Doijode (1998) reported that the seeds of Kaghzi lime with 6.6 % moisture contents were packed in aluminoum foil laminated pouches under partial vacuum and then these packets were filled with nitrogen and carbon dioxide. These packet were stored at -20, 5, 15 °C and ambient (16-35 °C) temperature. There was no germination of seeds which were stored under ambient temperature after 6 months of storage while their viability was retained for 24 months in low temperature. Seed viability was initially affected due to desiccation injury.
Pritchard et al. (2004) reported that the first challenge for the long term conservation of seeds of desiccation sensitive species is to determine their response to desiccation tolerance. This can be achieved either by the routine processing of seeds for long term conservation and identifying species more actively by specific, targeted screening that fail to survive or by fully characterizing the response to dehydration of individual species ( Hong and Ellis, 1996). Using these approaches, approximately 540 species with desiccation sensitive seeds have been identified (Flynn et al, 2004), although it has been estimated that this trait could be present in an approximately 8 % (20000 species) of the world flowering plants (Dickie and Pritchard, 2002). As it is unlikely that all of these species will ever be identified through experimental determination, a second approach to desiccation tolerance investigation is needed that identifies reliable and robust correlate of seed desiccation, leading to the development of a predictive frame work for seed storage responses.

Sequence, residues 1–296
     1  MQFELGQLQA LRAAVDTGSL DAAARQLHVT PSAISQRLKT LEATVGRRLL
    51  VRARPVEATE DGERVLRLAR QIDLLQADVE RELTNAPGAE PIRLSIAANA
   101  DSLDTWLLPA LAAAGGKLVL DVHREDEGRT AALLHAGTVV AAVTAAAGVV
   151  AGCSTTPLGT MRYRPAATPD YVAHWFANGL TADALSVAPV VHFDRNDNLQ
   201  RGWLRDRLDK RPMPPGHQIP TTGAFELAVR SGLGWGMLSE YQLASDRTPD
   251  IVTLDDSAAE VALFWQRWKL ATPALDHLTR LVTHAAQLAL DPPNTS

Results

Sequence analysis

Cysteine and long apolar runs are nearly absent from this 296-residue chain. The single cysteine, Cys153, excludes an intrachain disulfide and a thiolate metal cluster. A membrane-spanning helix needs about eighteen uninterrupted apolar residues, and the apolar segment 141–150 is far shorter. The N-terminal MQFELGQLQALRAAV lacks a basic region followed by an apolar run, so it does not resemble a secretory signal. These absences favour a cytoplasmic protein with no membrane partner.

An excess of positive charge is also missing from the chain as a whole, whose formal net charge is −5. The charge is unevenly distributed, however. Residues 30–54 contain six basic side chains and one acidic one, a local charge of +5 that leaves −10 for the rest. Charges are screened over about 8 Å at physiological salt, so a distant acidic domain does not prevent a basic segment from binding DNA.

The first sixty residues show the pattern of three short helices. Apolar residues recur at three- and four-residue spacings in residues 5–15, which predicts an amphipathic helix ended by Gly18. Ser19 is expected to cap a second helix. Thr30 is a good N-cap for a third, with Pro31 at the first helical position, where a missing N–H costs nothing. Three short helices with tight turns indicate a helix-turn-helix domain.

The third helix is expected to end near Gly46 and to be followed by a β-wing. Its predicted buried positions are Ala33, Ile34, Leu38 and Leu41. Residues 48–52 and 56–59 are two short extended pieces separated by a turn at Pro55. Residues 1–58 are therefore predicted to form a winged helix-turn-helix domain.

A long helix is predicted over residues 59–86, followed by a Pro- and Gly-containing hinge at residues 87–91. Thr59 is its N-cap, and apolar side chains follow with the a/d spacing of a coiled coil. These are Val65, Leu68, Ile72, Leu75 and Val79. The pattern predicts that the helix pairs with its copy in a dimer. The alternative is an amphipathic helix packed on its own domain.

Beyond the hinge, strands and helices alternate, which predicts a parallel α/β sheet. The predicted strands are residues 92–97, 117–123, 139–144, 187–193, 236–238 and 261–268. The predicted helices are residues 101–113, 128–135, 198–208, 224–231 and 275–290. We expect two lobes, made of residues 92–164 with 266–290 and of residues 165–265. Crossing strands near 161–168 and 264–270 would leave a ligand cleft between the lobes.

A number of studies have determined potential correlation of seed desiccation sensitivity, including seed mass (Hong and Ellis, 1998; Dickie and Pritchard, 2002; Pritchard et al., 2004), seed shape(Tompsett, 1984,1987; Hong and Ellis, 1997, seed moisture content at shedding (Hong and Ellis, 1998), seed germination rates, seed allocation to physical defence (Pritchard et al., 2004; Daws et al., 2005) and both gross and local scale habitate variables (Hong and Ellis, 1998; Dussert et al., 2000; Tweddle et al., 2003; Pritchard et al., 2004; Daws et al., 2005).